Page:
field. In the area where we have this leak, of course, between the tank and the SRB, at some point in flight after you start getting a lot of shocks in that area, the assumption we made would not be completely valid. So that there is an assumption there, but there are also assumptions associated, as I mentioned, with the fact that we have assumed that it is stochiametric, which is  a worst case. We haven't accounted with the large leakage that we have used here for any cooling effect. There would be a cooling core in the center of this jet. So there are some questions about the assumptions we made there, and those are being worked today, and I think we will be able to resolve that, as I said, because there are a lot of conservative things in here even with that simplified assumption that we have made.
There is another point, too, that I think I should make. Well, two points. One is that, you see, we have a reasonably large margin between the temperature we are predicting and what we think or what the test data says the O-rings could withstand.
And the other thing, I guess, is that we don't feel, based upon the other data, and I think there is quite an accumulation of data now, that the tank was involved. What we are doing here is assuming the worst
case leak to try to see what that would do to the motor, but we have no basis for believing that such a leak existed. So, we are trying to resolve that point.
DR. WHEELON: Dr. Littles, I find your conclusion both reassuring and just a little surprising. Let me read the conclusion. Tests indicate that the O-ring will maintain the seal at 1,000 degrees Fahrenheit. The reason I find that a little surprising is that in prior sessions we have heard a good deal of description of confusion and differences about what the low temperature end validity of that seal would be, whether it would function at 30 degrees or only at 54, and yet you seem quite sure that at the upper end of 1,000 degrees you know that the seal will perform satisfactorily at the high end.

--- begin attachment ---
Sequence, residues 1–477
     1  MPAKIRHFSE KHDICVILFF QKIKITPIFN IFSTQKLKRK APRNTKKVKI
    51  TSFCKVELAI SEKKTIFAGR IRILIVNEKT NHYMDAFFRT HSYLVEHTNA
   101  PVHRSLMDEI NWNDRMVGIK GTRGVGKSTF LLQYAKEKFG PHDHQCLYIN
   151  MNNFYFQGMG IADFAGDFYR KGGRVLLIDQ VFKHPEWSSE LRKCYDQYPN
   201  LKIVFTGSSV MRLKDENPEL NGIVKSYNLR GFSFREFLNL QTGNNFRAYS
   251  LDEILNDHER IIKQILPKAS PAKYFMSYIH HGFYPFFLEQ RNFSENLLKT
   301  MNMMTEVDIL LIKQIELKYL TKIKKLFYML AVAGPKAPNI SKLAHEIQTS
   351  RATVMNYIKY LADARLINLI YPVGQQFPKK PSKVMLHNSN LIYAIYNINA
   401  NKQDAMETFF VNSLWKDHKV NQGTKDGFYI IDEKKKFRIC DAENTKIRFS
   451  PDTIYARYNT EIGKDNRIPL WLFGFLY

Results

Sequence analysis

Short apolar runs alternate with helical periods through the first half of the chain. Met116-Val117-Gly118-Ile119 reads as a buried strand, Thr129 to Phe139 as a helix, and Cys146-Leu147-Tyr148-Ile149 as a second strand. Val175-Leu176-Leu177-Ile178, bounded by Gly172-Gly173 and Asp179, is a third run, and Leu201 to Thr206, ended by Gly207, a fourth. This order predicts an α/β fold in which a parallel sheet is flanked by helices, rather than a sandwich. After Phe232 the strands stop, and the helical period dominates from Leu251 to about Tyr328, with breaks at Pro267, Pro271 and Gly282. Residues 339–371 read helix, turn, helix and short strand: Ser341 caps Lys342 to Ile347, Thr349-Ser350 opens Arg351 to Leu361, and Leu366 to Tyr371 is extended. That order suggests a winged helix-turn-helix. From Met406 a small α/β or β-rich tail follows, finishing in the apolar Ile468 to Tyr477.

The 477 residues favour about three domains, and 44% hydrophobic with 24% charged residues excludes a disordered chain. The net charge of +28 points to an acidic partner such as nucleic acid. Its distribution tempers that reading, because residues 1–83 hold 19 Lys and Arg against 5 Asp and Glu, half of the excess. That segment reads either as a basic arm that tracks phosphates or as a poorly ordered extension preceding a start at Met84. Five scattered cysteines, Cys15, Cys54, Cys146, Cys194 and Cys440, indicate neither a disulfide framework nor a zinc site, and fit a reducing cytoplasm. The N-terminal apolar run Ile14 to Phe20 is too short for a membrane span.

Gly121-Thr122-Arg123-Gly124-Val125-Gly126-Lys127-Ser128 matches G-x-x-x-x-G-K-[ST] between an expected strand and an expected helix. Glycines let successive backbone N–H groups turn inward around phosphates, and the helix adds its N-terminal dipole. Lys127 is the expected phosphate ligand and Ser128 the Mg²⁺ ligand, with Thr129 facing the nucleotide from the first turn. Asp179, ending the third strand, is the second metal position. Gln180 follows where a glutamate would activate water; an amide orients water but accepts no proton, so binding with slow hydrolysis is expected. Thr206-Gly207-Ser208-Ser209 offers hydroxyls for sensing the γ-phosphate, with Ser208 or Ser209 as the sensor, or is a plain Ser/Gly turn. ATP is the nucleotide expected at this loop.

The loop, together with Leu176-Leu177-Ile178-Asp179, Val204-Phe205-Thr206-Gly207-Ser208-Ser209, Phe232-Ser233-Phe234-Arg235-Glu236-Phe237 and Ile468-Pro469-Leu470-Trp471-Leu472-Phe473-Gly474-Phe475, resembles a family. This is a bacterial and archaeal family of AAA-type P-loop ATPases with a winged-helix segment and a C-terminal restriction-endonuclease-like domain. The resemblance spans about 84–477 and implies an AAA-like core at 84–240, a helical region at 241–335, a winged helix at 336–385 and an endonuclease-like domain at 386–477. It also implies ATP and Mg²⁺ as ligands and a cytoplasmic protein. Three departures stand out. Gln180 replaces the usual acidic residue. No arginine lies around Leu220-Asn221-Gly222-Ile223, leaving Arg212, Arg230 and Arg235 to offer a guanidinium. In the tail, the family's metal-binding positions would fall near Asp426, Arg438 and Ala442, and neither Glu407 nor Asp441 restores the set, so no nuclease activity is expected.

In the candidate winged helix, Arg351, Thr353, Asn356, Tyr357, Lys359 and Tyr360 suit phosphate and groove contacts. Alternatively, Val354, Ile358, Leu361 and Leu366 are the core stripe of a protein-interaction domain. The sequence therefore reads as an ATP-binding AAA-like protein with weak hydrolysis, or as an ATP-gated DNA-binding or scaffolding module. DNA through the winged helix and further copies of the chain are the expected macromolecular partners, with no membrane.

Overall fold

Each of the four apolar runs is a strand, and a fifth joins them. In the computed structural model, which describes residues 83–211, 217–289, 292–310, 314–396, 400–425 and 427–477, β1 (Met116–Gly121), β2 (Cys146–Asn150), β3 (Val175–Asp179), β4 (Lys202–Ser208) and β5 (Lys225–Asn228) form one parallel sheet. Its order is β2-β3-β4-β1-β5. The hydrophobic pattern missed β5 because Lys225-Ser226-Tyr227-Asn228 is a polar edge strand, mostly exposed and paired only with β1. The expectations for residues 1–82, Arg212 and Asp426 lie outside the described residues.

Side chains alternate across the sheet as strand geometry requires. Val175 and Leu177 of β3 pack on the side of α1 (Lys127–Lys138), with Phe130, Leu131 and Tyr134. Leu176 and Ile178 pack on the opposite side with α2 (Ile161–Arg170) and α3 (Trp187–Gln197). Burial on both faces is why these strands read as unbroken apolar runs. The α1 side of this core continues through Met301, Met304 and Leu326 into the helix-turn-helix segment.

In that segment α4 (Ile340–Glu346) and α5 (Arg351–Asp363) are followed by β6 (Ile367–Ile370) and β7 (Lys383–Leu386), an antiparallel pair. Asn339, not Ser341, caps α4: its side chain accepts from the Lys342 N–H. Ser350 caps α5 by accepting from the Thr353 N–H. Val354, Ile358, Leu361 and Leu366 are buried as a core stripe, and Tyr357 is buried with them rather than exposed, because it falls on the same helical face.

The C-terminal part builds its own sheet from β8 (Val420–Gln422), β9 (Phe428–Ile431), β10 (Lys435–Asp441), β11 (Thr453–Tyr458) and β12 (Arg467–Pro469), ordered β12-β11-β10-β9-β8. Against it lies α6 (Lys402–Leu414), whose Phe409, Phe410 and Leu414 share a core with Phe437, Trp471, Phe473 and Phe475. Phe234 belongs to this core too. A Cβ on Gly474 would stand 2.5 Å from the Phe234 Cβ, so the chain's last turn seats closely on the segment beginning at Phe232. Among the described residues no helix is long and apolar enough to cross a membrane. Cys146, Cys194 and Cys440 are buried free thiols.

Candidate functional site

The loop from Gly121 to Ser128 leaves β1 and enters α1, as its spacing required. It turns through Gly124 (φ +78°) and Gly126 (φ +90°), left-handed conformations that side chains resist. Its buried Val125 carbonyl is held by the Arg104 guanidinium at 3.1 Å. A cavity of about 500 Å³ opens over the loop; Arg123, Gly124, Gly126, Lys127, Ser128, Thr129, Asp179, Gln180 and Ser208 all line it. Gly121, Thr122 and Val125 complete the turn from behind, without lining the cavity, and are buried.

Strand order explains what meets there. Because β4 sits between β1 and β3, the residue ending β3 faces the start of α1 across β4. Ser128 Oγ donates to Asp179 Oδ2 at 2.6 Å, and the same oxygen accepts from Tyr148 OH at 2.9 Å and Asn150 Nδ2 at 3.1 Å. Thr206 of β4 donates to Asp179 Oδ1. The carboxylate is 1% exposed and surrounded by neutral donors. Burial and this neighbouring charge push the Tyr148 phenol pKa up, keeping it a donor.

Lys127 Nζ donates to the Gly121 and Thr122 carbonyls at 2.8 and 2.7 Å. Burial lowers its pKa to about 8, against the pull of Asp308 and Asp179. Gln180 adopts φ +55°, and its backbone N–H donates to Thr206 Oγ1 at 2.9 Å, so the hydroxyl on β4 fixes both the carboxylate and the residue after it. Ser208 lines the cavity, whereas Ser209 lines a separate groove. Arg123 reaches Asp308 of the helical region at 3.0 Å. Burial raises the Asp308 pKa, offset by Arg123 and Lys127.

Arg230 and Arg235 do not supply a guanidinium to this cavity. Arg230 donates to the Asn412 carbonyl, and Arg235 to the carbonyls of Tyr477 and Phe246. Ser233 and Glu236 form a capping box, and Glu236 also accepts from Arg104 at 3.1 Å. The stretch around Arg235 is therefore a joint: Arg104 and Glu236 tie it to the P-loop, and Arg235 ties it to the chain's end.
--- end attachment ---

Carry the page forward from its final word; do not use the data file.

Can you describe the tests that give you that confidence and explain to us why we don't have similar confidence at low end?
DR. LITTLES: Yes, these tests are tests that have been conducted since the incident. Of course, the spec on the O-ring is 500 degrees.
DR. WHEELON: We have heard a lot about the specs. Let's talk about the test.
DR. LITTLES: It was specifically oriented to this type of analysis and the possibility of having